As told to Samantha Ayson, 1490 words.
Tags: Art, Design, Creative anxiety, Process, Inspiration.
On working for yourselfArtist and visual director Shawna X on the power of sadness, the difference between being thought of as a "designer" versus an "artist," and how to prioritize the things you spend your energy on.
Is there a moment that you can remember when you first thought of yourself as an artist?
Some years ago, when I was working with a musician, I’d run into some conflicts with licensing, and their manager chimed in and said, “You know what? I didn’t realize that my client hired an artist. I thought he just hired a designer or an illustrator. I’m sorry for the discrepancy. We don’t mean to embark on your creative vision and we understand your fees.” And I was like, “Whoa.”
I didn’t realize that some people viewed “artist” as a term so differently than “designer,” “illustrator,” or any other creative role, as I thought they were all similar, but that time, when someone made that differentiation for me, was when I really began to analyze all these roles and what they mean.
Where do you draw the line in terms of artistic integrity? Were they asking you to make something that you didn’t want to?
That’s a big part of it. As an artist, you are selling your voice, but often when you work as an illustrator/designer/commercial artist, you are creating for someone else, so there is a difference. I definitely see it as: the space you create within for an outside purpose, and space you create within for a purpose within yourself. However, the line is still blurred.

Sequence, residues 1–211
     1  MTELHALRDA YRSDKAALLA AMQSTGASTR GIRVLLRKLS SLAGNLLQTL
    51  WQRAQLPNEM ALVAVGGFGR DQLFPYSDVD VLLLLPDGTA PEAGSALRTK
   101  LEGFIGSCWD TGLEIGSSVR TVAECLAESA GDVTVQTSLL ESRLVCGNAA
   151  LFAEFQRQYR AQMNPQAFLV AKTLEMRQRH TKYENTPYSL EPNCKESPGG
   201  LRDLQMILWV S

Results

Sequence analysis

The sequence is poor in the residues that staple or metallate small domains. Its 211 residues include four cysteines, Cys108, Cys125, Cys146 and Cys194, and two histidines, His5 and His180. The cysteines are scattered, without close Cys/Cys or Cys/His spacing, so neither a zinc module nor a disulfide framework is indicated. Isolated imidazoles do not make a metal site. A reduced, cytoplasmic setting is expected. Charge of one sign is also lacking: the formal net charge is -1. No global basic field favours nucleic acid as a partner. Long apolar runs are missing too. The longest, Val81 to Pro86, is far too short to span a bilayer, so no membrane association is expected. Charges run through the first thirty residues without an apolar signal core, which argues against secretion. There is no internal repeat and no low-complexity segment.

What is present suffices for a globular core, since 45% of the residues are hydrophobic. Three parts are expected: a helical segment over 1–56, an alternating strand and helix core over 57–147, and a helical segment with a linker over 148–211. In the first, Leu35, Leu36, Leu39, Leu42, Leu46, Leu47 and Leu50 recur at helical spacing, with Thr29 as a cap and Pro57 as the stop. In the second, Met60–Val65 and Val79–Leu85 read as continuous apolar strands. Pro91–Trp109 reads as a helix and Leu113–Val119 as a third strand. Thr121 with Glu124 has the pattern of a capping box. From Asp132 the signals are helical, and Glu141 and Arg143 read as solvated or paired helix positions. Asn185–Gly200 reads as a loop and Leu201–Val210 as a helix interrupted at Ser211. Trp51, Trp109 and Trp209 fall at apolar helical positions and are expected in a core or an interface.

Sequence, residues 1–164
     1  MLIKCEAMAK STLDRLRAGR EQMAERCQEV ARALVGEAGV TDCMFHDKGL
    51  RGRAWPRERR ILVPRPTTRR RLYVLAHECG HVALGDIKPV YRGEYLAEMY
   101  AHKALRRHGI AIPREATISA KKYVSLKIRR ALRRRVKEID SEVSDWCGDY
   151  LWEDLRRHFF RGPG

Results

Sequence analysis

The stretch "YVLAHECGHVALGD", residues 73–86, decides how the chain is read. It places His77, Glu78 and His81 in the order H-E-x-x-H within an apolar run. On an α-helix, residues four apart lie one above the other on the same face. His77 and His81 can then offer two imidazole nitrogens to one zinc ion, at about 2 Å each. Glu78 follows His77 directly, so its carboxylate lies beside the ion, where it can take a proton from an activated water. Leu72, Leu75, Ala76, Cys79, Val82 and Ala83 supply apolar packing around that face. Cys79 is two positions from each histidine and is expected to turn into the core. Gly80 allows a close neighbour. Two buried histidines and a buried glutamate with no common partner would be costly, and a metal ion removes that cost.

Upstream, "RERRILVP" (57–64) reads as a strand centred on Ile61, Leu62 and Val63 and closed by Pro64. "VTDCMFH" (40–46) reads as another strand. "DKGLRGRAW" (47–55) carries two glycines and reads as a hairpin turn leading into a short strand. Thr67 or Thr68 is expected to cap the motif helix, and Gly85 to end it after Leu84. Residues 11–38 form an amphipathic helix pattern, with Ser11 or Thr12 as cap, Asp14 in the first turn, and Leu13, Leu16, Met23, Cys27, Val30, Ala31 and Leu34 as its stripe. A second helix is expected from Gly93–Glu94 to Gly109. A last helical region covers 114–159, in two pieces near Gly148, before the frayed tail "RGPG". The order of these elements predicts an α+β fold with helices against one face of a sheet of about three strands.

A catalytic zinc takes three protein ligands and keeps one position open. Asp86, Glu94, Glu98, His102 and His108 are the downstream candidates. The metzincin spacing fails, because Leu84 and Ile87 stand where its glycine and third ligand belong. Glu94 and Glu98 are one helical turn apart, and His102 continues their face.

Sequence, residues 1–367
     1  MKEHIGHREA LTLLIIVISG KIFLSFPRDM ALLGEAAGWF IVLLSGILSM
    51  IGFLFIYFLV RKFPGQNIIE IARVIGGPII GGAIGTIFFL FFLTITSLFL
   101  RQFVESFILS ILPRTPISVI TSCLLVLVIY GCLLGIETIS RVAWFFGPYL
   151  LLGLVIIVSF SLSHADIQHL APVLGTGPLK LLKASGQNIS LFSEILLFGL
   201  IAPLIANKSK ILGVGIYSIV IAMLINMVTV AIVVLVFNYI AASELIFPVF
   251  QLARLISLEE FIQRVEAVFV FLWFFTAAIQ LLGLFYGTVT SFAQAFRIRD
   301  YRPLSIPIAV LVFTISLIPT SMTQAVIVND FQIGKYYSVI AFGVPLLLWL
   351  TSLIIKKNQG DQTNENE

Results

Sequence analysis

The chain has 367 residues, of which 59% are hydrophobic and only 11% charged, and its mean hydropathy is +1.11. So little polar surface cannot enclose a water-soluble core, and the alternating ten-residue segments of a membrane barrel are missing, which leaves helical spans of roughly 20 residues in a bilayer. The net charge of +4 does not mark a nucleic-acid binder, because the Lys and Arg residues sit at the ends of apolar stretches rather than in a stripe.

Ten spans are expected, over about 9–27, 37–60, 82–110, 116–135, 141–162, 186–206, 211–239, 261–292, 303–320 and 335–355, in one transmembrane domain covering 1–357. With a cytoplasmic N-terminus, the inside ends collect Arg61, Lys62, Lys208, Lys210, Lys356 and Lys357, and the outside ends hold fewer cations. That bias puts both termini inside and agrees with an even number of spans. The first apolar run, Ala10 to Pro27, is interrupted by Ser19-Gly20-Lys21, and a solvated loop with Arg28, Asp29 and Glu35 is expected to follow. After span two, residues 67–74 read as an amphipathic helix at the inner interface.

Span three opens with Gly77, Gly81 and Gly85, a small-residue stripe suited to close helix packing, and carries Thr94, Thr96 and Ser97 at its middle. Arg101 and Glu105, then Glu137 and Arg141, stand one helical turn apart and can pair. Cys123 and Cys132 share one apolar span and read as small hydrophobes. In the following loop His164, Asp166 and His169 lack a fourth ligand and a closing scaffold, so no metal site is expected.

I think there’s so much debate about it, where people are like, “You’re not an artist if you blah, blah, blah,” or, “You’re this because you blah, blah, blah.” Who gives a fuck? As long as you are saying what you want to say, with context, research, and informed input, I think it’s important to share. I think both self- and worldly-awareness are a very necessary part of having integrity.
What does authenticity mean?
Authenticity is complex, because it’s subjective. Most people place assumptions on what that is and project it upon others: “Oh, this artist is selling out, because she did the backdrop for a Drake music video.” We don’t know anyone’s processes to say that readily, but we still say it.